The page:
Se'la (Heb. with the art. has-Se'la, הִסֶּלִע, the rock, as rendered in Jg 1:36; 2Ch 25:12; Ob 1:3; and by the Sept. [ἡ]πέτρα; A.V. "Selah" in 2Ki 14:7), the name given in the above passages, and (in the A.V.) in Isa 16:1, to the metropolis of the Edomites in Mount Seir. In the Jewish history it is recorded that Amaziah, king of Judah, "slew of Edom, in the valley of salt, ten thousand, and took Sela by war, and called the name of it Joktheel unto this day" (2Ki 14:7). The parallel narrative of 2Ch 25:11-13 supplies fuller details. From it we learn that, having beaten the Edomitish army with a great slaughter in the "valley of salt" — the valley south of the Dead Sea —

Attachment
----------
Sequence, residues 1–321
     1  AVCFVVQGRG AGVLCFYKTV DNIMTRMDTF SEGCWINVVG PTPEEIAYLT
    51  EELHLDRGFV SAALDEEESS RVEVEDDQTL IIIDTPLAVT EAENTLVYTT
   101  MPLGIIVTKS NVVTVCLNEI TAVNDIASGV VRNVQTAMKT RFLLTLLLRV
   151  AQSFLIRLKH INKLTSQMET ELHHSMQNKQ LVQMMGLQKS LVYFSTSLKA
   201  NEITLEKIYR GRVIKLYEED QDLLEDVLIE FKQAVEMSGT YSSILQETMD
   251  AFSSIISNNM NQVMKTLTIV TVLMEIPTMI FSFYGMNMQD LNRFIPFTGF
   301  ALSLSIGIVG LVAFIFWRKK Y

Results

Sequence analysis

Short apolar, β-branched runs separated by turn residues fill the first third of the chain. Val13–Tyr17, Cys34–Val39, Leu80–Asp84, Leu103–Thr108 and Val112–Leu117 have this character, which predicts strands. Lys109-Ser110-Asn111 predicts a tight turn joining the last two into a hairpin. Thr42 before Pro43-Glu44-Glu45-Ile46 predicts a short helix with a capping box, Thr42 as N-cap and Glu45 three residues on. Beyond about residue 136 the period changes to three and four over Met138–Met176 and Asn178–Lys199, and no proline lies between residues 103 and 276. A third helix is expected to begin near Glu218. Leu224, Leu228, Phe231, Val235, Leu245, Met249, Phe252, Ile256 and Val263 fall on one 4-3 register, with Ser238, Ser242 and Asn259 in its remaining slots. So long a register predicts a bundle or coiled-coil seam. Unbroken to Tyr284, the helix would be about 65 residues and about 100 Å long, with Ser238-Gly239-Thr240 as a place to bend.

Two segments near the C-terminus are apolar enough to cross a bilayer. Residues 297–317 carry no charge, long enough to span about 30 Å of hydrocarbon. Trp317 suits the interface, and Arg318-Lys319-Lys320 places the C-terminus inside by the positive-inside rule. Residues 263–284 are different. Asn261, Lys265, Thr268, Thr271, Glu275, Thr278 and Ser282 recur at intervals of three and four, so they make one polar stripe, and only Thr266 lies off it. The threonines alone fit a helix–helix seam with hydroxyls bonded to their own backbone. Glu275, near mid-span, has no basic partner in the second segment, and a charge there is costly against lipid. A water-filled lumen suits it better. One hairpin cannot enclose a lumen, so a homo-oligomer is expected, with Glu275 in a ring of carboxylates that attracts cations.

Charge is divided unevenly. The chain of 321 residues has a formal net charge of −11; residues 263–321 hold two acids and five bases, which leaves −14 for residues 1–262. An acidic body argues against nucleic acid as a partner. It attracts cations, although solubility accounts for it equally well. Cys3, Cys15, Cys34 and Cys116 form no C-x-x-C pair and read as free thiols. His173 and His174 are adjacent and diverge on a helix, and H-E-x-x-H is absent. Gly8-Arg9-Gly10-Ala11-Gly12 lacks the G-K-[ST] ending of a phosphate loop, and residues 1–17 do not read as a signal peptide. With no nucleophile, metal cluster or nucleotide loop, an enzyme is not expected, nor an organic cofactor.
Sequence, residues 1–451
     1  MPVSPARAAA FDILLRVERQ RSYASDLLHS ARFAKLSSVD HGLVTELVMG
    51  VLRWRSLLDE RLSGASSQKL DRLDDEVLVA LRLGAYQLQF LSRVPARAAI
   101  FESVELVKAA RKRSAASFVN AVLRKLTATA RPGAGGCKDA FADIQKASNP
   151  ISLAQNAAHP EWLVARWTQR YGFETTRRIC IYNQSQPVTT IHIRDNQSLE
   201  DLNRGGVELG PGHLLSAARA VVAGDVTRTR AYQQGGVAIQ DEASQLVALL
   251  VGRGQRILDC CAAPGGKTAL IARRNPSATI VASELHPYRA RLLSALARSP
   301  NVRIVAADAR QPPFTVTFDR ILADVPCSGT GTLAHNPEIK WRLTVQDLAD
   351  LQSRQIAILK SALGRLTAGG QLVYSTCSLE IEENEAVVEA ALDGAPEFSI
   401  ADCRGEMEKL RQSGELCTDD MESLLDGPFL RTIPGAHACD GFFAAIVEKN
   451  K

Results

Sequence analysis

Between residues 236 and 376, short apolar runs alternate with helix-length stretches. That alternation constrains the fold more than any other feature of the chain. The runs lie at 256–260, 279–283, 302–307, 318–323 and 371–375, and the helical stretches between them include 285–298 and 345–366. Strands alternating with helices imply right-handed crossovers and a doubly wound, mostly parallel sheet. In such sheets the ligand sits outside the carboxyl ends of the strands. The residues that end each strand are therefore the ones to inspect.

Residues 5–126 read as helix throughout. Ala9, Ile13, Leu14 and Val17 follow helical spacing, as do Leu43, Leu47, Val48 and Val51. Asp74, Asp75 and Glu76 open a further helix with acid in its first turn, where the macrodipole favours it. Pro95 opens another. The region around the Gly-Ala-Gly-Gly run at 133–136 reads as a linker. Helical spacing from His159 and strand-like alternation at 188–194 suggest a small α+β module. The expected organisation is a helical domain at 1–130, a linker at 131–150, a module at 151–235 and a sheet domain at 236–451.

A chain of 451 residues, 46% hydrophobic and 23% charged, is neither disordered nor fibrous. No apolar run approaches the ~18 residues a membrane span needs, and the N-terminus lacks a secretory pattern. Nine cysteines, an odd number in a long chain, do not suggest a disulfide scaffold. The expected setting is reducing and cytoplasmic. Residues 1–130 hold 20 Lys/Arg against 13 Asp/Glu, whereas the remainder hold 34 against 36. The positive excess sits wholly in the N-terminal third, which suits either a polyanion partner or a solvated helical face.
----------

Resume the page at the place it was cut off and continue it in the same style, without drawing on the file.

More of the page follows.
Amaziah took those who were not slain to the cliff, and threw them headlong over it. This cliff is asserted by Eusebius (Onomast. Πέτρα) to be "a city of Edom, also called by the Assyrians Rekem," by which there is no doubt that he intends Petra (see ibid. ῾Ρεκέμ, and the quotations in Stanley's Sin. and Pal. p. 94, note). The title thus bestowed is said to have continued "unto this day." This, Keil remarks, is a proof that the history was nearly contemporary with the event, because Amaziah's conquest was lost again by Ahaz less than a century afterwards (2Ch 28:17). This latter name seems, however, to have passed away with the Hebrew rule over Edom, for no further trace of it is to be found; and it is still called by its original name by Isaiah (Isa 16:1). These are all the certain notices of the place in Scripture; for it may well be doubted whether it is designated in Jg 1:36 and Isa 42:11, as some suppose. On the ground of the sameness of signification, it is by common consent identified with the city later known as Petra, 500 Roman miles from Gaza (Pliny, 6, 32), the ruins of which, now called those of Wady Musa, are found about two days' journey north of the top of the Gulf of Akaba, and three or four south from Jericho. This place was in the midst of Mount Seir, in the neighborhood of Mount Hor (Josephus, Ant. 4, 4, 7), and therefore in Edomitish territory, but seems to have afterwards come under the dominion of Moab. In the end of the 4th century B.C. it appears as the headquarters of the Nabathaans, who successfully resisted the attacks of Antigonus (Diod. Sic. [ed. Hanov. 1604] 19, 731), and under them became one of the greatest stations for the approach of Eastern commerce to Rome (id. p. 94; Strabo, 16, 799; Apul. Flor. 1, 6). About B.C. 70 Petra appears as the residence of the Arab princes named Aretas (Josephus, Ant. 14, 1, 4; 5, 1, War, 1, 6, 2; 29, 3). It was by Trajan reduced to subjection to the Roman empire (Dion Cass. 68, 14), and from the next emperor received the name of Hadriana, as appears from the legend of a coin (Reland, Paloest. p. 931). Josephus (Ant. 4, 4, 7) gives the name of Arce (ςΑρκη) as an earlier synonym for Petra, where, however, it is probable that Α᾿ρκήμ or Α᾿ρκέμ (alleged by Eusebius, Onomast., as found in Josephus) should be read. The city Petra lay, though at a high level, in a hollow shut in by mountain cliff and approached only by a narrow ravine through which, and across the city's site, the river winds (Pliny, 6, 32; Strabo, 16, 779). SEE PETRA.